BY ETHAN FORMAN
---- — PEABODY — Analogic Corp. has come up with a handheld ultrasound system it says can fit in a lab coat pocket and act as a window through the skin for a caregiver trying to place an IV in a vein.
The company says its Sonic Window will make it easier for clinicians to insert a line on the first try, allowing for faster care, fewer complications and less cost.
It may also mean fewer needle sticks for patients — a particular bonus when the patients are children.
The hope is the device will bring ultrasound imaging out of the radiology department and into the emergency room, doctor’s office, phlebotomy lab, outpatient clinic or even ambulance. The company can envision its use in a pediatrics office, where it may bring peace of mind or a distraction to a child facing the dreaded needle stick.
“It’s something everyone can relate to and everyone has a strong feeling about, especially if you are a parent,” said Farley Peechatka, senior vice president and general manager of Analogic’s ultrasound business.
The device, about the size of a television remote control, can provide a direct look at structures just under the skin. It’s sleek and self-contained and has only a few buttons and a simple user interface. An LCD screen on the top of the device provides the image. It doesn’t need a separate cart, and it can be operated using one hand.
“You don’t have to use a trained ultrasound technician,” said Mark Namaroff, director of investor relations. A nurse could use it to see blood vessels in the arm to place an IV catheter.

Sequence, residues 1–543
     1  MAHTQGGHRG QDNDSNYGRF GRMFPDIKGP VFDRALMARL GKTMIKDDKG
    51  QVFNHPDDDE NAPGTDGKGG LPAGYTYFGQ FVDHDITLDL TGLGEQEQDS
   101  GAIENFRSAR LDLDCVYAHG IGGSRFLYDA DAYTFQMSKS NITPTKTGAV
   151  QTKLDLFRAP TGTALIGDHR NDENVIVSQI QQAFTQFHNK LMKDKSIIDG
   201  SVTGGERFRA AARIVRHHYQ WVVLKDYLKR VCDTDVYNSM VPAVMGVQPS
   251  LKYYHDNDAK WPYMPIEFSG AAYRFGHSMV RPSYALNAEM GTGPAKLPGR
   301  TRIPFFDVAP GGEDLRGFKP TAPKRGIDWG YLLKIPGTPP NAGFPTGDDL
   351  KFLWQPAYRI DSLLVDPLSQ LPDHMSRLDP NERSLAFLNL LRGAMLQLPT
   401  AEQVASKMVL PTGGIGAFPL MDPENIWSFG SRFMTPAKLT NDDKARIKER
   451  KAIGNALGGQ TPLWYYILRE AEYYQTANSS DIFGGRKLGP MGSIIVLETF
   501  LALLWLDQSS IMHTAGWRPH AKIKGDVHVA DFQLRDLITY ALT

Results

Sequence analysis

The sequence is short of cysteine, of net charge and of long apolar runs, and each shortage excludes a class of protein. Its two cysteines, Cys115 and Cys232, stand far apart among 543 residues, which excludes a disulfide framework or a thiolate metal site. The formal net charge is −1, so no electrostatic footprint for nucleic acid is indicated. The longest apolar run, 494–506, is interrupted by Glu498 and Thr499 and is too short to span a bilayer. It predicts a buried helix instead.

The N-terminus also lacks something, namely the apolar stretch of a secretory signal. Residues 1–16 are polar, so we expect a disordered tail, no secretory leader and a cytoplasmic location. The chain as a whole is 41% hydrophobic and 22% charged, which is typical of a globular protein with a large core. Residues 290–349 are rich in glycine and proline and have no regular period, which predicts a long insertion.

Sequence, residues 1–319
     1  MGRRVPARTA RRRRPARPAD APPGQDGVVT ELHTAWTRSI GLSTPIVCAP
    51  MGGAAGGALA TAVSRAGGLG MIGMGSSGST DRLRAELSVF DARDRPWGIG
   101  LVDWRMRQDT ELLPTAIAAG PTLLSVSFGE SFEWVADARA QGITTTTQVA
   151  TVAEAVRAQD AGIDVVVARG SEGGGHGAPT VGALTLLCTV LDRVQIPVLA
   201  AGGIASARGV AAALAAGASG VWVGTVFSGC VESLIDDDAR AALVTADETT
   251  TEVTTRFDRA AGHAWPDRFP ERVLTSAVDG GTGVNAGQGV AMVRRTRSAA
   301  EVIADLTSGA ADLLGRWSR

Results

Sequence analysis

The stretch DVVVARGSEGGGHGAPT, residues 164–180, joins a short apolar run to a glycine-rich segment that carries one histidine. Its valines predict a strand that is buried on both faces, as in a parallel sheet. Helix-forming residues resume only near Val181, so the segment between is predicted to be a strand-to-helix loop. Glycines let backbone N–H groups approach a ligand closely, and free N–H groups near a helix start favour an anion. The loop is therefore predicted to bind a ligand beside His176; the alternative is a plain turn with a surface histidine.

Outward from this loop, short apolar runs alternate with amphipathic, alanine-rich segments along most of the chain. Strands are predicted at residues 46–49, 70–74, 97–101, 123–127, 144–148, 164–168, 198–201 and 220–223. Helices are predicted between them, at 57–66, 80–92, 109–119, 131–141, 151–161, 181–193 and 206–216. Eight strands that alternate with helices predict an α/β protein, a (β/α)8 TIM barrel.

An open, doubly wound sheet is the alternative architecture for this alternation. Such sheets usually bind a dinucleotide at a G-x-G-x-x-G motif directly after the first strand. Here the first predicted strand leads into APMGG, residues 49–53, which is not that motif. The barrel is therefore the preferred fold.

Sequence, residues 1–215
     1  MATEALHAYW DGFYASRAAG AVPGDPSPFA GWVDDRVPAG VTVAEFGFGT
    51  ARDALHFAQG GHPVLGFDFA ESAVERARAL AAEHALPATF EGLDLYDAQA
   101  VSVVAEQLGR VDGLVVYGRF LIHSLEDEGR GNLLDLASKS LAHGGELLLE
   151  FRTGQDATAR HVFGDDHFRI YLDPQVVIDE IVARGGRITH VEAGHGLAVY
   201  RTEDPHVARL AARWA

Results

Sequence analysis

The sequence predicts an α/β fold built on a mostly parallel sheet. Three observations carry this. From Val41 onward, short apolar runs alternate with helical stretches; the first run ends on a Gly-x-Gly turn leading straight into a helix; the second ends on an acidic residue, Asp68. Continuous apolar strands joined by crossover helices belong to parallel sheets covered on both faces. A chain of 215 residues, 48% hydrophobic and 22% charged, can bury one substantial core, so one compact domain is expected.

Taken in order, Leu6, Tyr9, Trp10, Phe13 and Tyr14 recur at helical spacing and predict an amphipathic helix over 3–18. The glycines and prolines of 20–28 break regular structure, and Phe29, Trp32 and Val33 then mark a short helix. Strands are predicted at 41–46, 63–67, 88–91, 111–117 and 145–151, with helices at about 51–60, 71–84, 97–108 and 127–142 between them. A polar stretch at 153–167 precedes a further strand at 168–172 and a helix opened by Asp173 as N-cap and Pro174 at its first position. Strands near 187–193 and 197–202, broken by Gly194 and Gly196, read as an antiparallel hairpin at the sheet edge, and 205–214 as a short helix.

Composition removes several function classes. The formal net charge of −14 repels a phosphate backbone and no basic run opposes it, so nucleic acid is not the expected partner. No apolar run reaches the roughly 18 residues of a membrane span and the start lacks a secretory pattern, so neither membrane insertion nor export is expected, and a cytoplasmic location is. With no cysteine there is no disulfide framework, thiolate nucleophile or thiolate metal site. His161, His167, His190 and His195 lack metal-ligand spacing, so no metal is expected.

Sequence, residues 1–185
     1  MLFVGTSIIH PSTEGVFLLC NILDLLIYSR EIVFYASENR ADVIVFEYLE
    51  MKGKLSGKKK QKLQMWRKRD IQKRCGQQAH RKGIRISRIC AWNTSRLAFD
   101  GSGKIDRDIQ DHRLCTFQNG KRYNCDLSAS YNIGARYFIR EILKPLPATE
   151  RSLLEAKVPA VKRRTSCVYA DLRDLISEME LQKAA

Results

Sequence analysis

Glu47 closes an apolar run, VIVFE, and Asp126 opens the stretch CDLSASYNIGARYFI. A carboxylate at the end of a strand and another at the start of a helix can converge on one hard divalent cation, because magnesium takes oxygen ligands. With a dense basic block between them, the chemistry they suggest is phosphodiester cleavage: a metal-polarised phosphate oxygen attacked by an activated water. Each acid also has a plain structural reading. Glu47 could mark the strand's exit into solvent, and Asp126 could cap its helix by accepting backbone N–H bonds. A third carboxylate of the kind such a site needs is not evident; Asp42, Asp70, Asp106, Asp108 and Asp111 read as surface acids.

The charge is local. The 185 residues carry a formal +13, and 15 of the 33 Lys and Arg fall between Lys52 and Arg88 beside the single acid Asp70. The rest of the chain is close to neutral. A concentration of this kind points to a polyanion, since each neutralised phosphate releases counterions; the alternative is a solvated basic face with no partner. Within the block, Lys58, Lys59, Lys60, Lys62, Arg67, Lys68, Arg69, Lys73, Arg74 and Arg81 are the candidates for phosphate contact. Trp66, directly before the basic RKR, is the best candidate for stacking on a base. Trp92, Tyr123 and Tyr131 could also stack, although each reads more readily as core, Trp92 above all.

Sonic Window has been approved for use guiding the placement of peripheral IVs, but there may be other applications for it in the future, company officials say. “We certainly see the potential to bring ultrasound to applications closer to the patient,” Peechatka said.
The device got federal Food and Drug Administration clearance this month, marking the end of the FDA approval cycle and the move toward commercialization of an idea that was hatched many years ago.
About four years ago, Analogic partnered on the technology with a privately held company called PocketSonics of Charlottesville, Va. In September 2013, Analogic acquired the remaining ownership stake in the company.
Analogic has “not quantified the revenue potential” of Sonic Window, but Peechatka said a study estimates that there are 300 to 500 million IV placements a year in the United States. About one in three attempts fail in adults without guidance, Peechatka said. One in two attempts fail in pediatrics.
Success rates rise from 82 percent for traditional IV placement methods to 97 percent when these attempts are image guided, Analogic says.
Plans are to market the device this summer to hospitals and emergency rooms, with plans to seek approval of European regulators in the future.
Staff writer Ethan Forman can be reached at 978-338-2673, by email at email@example.com or on Twitter at @DanverSalemNews.